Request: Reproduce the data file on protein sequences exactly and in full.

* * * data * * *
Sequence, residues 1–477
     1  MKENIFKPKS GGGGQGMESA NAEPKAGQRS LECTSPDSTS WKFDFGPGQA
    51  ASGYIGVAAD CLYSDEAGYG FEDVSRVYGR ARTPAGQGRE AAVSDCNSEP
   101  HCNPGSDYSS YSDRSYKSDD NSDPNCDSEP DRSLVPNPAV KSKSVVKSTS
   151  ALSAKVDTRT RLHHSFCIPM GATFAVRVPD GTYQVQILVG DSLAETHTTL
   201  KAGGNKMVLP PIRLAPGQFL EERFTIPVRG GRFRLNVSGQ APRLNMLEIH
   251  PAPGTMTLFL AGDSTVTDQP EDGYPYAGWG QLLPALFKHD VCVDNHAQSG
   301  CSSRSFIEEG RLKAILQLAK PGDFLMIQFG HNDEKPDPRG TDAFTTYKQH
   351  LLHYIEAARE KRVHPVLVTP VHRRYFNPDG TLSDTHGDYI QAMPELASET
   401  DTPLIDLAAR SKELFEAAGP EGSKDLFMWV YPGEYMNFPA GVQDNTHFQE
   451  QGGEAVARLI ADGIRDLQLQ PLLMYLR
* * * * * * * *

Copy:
Sequence, residues 1–477
     1  MKENIFKPKS GGGGQGMESA NAEPKAGQRS LECTSPDSTS WKFDFGPGQA
    51  ASGYIGVAAD CLYSDEAGYG FEDVSRVYGR ARTPAGQGRE AAVSDCNSEP
   101  HCNPGSDYSS YSDRSYKSDD NSDPNCDSEP DRSLVPNPAV KSKSVVKSTS
   151  ALSAKVDTRT RLHHSFCIPM GATFAVRVPD GTYQVQILVG DSLAETHTTL
   201  KAGGNKMVLP PIRLAPGQFL EERFTIPVRG GRFRLNVSGQ APRLNMLEIH
   251  PAPGTMTLFL AGDSTVTDQP EDGYPYAGWG QLLPALFKHD VCVDNHAQSG
   301  CSSRSFIEEG RLKAILQLAK PGDFLMIQFG HNDEKPDPRG TDAFTTYKQH
   351  LLHYIEAARE KRVHPVLVTP VHRRYFNPDG TLSDTHGDYI QAMPELASET
   401  DTPLIDLAAR SKELFEAAGP EGSKDLFMWV YPGEYMNFPA GVQDNTHFQE
   451  QGGEAVARLI ADGIRDLQLQ PLLMYLR